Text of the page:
Bob Cortese, CPA, CGMA Canadian Controller CTS Corp

By Cortese, Bob | Journal of Accountancy, February 2016 | Go to article overview

Bob Cortese, CPA, CGMA Canadian Controller CTS Corp


Cortese, Bob, Journal of Accountancy


Bob Cortese was involved in developing a suite of cost management initiatives at CTS Corp. in Canada. As a result, profits increased, costs were reduced, and efficiencies in supply chain and production were maximised. Here, he shares some of the principles that guided this transformation.

In my 30-year career in finance, IT, and supply chain, I have worked in various sectors, including aerospace, industrial waste disposal and recycling, electronics, and a stint at the US Department of Defense. I qualified with CIMA in 2010, and this provided me with the insight into what was occurring around me that I was not seeing--it gave me a holistic approach. The pieces came together, and a vision of what was possible and how to get there became much clearer.

My most recent role as controller for CTS Corp., a global designer and manufacturer of sensors, actuators, and electronic components, presented an amazing opportunity to combine the experience I had gained over the years and contribute to a significant overhaul in the way the company carried out its business.

Maximise capacity, minimise duplication

CTS had assembly lines for three major products. We found that there were also other capabilities in the plant, but over time certain functions had been outsourced to external suppliers. When we took a closer look at our capabilities and the issues we were dealing with in relying on external suppliers, we developed a costs model to start repatriating components. It's not that our supply base was ineffective; we had just grown complacent and accepted the status quo. It was time to rethink why we were in business.

Over the next 18 months, we brought back every component (over 50) and created a very robust stamping and moulding capability. We changed the culture of the organisation and improved our profit margins by 4%-5% overall. As a knock-on benefit, we had almost zero waste, the quality of our product improved, we were better able to control our inventory and use of manpower, scheduling became more efficient, and we were able to build better relationships with the smaller number of suppliers that we still needed.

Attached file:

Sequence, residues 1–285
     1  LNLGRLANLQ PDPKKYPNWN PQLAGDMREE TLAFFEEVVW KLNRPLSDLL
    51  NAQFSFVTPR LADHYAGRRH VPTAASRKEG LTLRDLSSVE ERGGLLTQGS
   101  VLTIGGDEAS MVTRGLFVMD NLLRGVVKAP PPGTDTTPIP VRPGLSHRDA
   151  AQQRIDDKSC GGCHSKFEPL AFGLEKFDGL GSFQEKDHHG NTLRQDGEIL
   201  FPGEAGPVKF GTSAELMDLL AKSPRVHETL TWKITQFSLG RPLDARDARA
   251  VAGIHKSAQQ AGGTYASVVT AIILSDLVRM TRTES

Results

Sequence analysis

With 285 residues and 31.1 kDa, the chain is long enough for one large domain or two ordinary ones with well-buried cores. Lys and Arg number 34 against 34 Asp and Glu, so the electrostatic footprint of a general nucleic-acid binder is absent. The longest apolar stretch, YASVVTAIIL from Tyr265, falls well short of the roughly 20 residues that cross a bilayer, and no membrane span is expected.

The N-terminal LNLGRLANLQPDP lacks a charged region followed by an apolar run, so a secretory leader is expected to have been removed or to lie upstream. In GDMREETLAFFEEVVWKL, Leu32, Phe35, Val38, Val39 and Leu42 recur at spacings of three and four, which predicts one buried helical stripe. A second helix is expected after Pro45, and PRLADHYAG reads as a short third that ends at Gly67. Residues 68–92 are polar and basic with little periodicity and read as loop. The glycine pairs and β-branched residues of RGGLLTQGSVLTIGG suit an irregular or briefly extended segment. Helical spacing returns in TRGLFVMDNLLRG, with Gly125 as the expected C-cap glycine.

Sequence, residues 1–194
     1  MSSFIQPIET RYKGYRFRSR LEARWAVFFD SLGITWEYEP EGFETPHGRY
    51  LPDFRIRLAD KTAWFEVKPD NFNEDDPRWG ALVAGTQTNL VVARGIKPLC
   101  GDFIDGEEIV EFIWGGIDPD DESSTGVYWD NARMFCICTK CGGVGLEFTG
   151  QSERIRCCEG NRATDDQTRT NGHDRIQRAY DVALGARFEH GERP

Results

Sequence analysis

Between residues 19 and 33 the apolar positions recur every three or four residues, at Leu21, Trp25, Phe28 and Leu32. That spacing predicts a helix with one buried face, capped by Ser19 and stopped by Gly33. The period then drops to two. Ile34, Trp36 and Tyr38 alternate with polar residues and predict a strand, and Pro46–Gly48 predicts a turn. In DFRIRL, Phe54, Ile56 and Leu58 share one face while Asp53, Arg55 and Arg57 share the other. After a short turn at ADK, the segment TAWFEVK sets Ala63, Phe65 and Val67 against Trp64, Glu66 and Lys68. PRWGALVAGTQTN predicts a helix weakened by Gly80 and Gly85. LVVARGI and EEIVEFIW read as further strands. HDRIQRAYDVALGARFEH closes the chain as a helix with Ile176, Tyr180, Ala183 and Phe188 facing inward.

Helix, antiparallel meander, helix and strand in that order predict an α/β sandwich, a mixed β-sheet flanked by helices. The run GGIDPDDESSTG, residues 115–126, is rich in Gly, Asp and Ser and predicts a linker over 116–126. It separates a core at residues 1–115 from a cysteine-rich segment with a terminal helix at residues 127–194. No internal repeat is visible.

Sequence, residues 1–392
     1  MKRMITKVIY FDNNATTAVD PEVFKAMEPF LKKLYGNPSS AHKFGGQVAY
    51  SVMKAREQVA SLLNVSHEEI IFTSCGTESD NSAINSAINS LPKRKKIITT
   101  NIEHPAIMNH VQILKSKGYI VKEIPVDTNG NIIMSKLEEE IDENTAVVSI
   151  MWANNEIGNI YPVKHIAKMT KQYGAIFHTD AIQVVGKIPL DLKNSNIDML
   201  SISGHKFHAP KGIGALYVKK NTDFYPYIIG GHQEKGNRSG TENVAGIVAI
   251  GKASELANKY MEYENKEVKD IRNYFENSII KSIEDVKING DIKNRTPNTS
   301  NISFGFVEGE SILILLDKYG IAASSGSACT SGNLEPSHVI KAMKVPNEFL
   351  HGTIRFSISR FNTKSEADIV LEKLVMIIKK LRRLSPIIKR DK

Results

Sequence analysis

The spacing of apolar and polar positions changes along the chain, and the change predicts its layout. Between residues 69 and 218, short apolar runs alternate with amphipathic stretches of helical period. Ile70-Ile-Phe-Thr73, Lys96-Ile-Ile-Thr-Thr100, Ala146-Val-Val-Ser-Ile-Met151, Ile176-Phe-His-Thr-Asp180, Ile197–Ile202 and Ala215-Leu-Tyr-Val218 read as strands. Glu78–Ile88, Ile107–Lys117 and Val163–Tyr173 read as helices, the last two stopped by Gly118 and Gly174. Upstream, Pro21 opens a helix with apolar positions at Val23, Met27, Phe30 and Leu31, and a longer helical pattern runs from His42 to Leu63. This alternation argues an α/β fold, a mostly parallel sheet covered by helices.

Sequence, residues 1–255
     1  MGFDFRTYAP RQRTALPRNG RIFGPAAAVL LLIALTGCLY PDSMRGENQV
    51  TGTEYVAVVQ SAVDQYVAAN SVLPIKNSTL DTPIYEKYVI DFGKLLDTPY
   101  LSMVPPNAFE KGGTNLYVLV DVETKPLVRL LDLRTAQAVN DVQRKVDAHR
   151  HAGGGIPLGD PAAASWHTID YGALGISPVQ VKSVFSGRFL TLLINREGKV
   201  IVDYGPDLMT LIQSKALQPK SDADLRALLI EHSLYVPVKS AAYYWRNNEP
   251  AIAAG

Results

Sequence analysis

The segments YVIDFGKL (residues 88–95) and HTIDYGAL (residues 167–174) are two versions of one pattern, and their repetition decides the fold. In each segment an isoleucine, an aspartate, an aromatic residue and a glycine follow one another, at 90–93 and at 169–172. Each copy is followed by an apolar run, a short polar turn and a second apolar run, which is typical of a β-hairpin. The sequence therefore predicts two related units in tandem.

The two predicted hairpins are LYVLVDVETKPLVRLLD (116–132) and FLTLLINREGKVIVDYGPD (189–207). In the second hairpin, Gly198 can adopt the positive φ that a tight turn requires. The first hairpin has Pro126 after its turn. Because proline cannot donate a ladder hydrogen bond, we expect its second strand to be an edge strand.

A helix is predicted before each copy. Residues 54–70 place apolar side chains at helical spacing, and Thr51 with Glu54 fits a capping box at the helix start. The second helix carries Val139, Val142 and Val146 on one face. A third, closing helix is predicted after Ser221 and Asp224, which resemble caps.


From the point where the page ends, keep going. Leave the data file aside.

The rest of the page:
Streamline the supply chain

When looking to bring down costs, a key area that can benefit from extra scrutiny is your supply-chain management. It's not enough to simply seek out the lowest-cost suppliers.

We built a supply-chain team to oversee the entire process from customer order, through operations and maintenance, down to the supply base. We invested time in creating strict internal processes. We implemented a new reporting format for use across all production lines, so that they were each using the same decision-making criteria. We developed relationships with our suppliers, often meeting face to face, which allowed us to understand their issues, frustrations, lot-sizing strategies, lead times, processes, and culture. We started to use a 52-week forecast to let our suppliers know what we would be ordering over the course of a year. This helped with their scheduling and made them more comfortable dealing with us, which in turn strengthened our negotiating position. By creating a cross-functional supply-chain team, we eliminated so many hand-offs, that at times it felt as if issues and decisions were addressed in seconds rather than taking days and multiple emails.

It took approximately 18 months for this new system to become our working norm, but it was such a success that it was soon adopted by the company in other locations as well.

Engage your workforce

You can't just demand a 10% reduction in spending, for example, and expect your staff to magically achieve it. You need to have the leadership of experienced leaders who have the respect of the employees, can create a vision, and are able to leverage the people, technology, and processes involved to realise that goal.

To link up the leadership with the workforce, we devised an innovative programme, Quick Kaizen, to encourage a "we" culture and facilitate constant communication among staff at all levels. …

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